Yoel Levi's work in Sibelius was called "bloodless" on these pages way back in 1996 when ClassicalNet and yours truly were both very young. Time has shown that assessment to be incorrect. The present set, released in 2009, includes the previously reviewed Swan from Atlanta, but adds the Cleveland Finlandia to the symphonies to fill out the set. Levi's recordings have all worn well, and this twofer collects his very earliest work on disc. It's all very distinguished, and like the other selections in Telarc's well-planned, short-lived, and largely ignored "Everybody's…" series, provides an excellent introduction to the composer in question.
There's not really any other set on the market that introduces to Sibelius this well. EMI's 20th century twofer probably comes the closest, but those always feel like a showcase for that companies storied past and sometimes lead to strange selections. The present set wisely focuses on one conductor's vision for a great composer, captured in stellar sound. Like Dohnányi's Beethoven, it's indisputably excellent but never got much attention. Levi works very well with both orchestras, although his work in Atlanta is easily more notable and any Sibelius from Cleveland faces George Szell directly.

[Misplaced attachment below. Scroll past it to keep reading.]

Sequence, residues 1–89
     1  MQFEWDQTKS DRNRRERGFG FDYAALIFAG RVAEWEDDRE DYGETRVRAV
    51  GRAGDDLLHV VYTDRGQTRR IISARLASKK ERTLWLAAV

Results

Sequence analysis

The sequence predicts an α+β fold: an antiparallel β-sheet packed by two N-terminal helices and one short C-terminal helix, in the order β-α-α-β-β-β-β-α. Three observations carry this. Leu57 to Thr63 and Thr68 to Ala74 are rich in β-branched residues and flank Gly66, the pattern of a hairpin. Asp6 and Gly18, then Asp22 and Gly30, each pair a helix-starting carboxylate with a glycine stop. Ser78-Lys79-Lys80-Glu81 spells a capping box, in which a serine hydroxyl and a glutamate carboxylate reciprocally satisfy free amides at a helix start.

That said, Levi doesn't try to outdo anybody. In both Finlandia and the Second Symphony, he simply lets his players play. Captured in far better sound than anything Szell ever got from Columbia, the first movement is wonderfully played with no sense of excess. Levi clearly wants to move the piece forward, but nothing feels rushed. One of Telarc's great accomplishments early on was the work closely with the Cleveland Orchestra. Levi made only two albums with these players, this Sibelius Two and a highly regarded Prokofiev disc. So we are lucky to have this, especially because the following three movements are just as excellent. Levi understands the strengths of his players, and maintains the marvelous sectional balance that they were known for. Certainly nothing is bloodless, either here or in the Finlandia that was the original album mate. As mentioned, the disc also includes the Atlanta reading of The Swan of Tuonela. I find it excellent, with especially distinguished string playing and solo work. Patrick McFarland's English horn solo on a bed of shimmering strings has to be heard to be believed. Gorgeous stuff, this.
Levi was able to exercise more of his personal vision in Atlanta, and it's here that disc two takes us. Credit Telarc's programmers for choosing the symphonies over the tone poems, because this First and Fifth are really good. Right away, the natural sound of the orchestra captivates, as does the same marvelous string playing that so pleased me in the Swan. Incredibly rounded brass playing and exceptional winds complete the picture. Levi was a few years older when these two sessions were taped, and his increased confidence and pleasure in having his own players shines in every bar. Maybe these aren't all essential Sibelius performances, but they are a great memento to a fine conductor and his orchestras. Great sound and cool packaging really do make this Sibelius for everybody.
Copyright © 2013, Brian Wigman